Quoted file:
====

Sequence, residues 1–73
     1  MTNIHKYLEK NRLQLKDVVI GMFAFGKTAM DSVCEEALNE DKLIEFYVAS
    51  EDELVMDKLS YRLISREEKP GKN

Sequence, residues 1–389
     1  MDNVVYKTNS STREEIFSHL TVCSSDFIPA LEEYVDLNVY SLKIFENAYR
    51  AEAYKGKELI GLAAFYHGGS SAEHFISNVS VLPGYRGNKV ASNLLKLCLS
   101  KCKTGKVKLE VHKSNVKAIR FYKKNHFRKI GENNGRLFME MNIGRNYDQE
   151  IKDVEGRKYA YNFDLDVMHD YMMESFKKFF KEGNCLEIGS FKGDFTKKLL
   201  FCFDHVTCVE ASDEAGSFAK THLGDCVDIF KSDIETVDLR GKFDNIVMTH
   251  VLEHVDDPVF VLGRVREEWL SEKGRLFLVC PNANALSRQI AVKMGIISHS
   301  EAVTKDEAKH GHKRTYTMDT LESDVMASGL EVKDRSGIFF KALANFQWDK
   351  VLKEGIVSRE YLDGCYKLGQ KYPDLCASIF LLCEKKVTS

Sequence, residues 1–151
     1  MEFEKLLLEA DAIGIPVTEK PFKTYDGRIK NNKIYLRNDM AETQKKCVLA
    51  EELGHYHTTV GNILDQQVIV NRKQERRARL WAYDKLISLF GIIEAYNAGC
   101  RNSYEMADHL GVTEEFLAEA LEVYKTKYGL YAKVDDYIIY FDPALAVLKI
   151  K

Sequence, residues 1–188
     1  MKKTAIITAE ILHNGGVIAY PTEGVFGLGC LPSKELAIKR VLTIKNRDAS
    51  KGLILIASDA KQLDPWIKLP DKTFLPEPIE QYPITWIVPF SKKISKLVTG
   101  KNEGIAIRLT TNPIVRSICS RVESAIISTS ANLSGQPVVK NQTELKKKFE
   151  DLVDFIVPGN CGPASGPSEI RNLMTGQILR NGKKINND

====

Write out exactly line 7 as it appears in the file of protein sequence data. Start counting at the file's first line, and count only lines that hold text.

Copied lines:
   101  KCKTGKVKLE VHKSNVKAIR FYKKNHFRKI GENNGRLFME MNIGRNYDQE